Balls cost money. In order to stay competitive, ball participants need to cover $10 to $30 entrance fees, outfits, makeup, travel, and house dues. “You could spend up to $500 on a ball look,” says Mario Knowles. “And you can never wear the same outfit twice because you’d get chopped.”
As a consequence, Arnold says, “There are plenty of people who steal stuff. They’ll prostitute themselves, sell drugs, create fake checks and credit cards. There’s also a lot of violence. People fight, some have been shot at ballroom house parties.” He trails off. “There are plenty of people who are in the ball scene to stay out of trouble, but there are also those who are in it to stay in trouble. But you know, with the bad comes the opportunity to see how it could get better.”
Mauren Avant Garde also sees potential. “The ballroom scene is starting to come into its own and figure out who it is,” he says. “Ballroom kids are breaking stereotypes. They’re stepping up, and I’m very proud of that. For a passionate performer, the ballroom is a place of recognition. And for people who aren’t privileged enough to get into a dance school, this is their outlet. I try to teach them that they should take what they learn here and move on.”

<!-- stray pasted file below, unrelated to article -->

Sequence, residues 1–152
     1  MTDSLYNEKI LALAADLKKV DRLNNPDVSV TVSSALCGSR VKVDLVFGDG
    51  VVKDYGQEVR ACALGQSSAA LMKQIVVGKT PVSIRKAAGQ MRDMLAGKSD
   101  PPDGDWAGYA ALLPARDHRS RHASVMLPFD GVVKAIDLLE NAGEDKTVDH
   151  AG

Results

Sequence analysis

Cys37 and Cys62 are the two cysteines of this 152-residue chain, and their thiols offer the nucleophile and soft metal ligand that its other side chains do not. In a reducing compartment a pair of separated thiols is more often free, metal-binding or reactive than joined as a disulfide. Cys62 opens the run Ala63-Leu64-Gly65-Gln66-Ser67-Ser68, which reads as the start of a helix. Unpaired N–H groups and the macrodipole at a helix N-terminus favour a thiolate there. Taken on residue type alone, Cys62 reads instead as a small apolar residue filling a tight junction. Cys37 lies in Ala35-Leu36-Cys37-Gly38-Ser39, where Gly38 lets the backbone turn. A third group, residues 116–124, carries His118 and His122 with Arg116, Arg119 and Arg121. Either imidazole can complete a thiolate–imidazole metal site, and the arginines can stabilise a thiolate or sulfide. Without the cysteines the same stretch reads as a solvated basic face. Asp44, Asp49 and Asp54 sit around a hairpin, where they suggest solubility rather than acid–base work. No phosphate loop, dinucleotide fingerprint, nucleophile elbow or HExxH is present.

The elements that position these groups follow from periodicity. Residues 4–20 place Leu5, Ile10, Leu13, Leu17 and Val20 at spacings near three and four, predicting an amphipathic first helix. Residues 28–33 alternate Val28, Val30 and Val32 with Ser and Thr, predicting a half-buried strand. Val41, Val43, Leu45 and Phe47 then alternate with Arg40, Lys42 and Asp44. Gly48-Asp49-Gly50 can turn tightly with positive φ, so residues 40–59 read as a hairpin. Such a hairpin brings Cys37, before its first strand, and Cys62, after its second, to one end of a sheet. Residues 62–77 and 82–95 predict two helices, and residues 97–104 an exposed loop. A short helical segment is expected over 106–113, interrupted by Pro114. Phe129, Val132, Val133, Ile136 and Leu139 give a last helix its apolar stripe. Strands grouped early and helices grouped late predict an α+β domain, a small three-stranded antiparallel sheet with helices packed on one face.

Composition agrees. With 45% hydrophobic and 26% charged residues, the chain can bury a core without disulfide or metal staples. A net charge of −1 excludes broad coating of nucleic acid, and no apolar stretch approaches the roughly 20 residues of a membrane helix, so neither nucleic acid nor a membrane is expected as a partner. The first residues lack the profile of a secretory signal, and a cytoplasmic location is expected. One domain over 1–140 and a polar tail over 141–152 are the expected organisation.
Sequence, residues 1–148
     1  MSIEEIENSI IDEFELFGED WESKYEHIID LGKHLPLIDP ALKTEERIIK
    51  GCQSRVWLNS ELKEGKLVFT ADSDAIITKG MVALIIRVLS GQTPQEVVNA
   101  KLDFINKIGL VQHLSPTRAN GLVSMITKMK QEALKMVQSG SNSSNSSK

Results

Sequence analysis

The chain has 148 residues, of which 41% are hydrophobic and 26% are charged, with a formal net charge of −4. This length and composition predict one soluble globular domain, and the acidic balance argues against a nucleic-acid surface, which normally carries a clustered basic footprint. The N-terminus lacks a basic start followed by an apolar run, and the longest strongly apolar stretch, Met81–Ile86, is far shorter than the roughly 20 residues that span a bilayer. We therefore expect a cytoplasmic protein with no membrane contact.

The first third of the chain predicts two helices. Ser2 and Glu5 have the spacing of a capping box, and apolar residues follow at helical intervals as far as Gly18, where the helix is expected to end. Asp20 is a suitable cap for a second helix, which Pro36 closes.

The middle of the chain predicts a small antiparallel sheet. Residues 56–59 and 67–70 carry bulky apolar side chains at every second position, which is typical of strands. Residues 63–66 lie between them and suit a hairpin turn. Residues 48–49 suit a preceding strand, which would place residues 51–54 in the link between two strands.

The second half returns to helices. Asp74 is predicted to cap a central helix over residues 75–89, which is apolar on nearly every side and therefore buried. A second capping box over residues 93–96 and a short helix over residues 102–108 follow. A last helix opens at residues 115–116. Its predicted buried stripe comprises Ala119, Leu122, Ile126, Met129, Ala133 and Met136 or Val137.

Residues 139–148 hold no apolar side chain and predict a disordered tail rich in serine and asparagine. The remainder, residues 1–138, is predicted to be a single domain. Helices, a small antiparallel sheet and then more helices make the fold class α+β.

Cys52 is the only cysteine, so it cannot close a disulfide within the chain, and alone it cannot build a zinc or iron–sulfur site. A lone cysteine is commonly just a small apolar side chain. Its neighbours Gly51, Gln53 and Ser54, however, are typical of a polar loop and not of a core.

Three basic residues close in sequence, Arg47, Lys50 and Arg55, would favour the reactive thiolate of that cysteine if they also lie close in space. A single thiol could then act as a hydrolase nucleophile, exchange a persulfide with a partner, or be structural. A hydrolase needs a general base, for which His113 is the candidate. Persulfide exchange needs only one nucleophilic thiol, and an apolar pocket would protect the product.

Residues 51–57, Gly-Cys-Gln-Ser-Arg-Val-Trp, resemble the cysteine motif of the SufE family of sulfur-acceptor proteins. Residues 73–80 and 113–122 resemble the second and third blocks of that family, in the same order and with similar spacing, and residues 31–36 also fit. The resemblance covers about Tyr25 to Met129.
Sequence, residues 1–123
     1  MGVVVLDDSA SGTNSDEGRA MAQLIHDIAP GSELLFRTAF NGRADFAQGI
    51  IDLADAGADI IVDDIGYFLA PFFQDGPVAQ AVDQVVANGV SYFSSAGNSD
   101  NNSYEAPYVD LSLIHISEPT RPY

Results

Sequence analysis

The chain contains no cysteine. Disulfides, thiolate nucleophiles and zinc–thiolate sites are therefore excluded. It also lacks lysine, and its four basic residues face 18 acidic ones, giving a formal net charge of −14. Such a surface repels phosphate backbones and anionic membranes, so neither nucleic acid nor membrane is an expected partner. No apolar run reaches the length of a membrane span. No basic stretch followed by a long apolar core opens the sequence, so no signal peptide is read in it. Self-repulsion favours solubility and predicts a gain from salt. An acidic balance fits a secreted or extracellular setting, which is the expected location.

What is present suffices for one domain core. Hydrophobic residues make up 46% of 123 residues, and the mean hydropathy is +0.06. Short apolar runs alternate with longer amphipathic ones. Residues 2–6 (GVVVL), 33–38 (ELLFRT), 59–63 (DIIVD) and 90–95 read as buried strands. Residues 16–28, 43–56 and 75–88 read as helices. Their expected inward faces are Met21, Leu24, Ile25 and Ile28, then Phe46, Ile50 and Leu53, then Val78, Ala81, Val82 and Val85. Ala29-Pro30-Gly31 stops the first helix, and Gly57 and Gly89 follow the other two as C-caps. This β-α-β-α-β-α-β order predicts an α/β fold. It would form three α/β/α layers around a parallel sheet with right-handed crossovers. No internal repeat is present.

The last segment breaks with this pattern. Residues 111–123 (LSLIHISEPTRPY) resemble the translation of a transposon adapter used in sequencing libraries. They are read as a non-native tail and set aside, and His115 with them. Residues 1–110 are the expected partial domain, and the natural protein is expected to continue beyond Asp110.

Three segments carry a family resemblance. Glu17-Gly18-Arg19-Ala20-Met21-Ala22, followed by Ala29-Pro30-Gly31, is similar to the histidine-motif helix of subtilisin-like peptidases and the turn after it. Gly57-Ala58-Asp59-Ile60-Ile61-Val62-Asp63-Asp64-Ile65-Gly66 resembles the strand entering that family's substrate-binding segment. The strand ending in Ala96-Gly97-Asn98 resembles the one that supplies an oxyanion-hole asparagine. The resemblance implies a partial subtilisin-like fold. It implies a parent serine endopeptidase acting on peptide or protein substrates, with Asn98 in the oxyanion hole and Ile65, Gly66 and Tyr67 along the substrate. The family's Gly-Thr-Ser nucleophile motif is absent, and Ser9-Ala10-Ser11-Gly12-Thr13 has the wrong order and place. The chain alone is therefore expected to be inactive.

STANDING IN THE CROWD at Family Affair, Justin Dixon is surrounded by scores of men. It’s a relatively small group for the scene, but there’s nothing small about the energy in the room. Each house shouts its own name. “Mizrahi! Mizrahi!” “Kardashian! Kardashian!” The competing chants collide in chaos. But it’s chaos to a beat.
Dixon won’t win tonight. He’ll be back at the School of Opulence next Thursday, though, to work on his craft.
It’s a slow climb to Legend.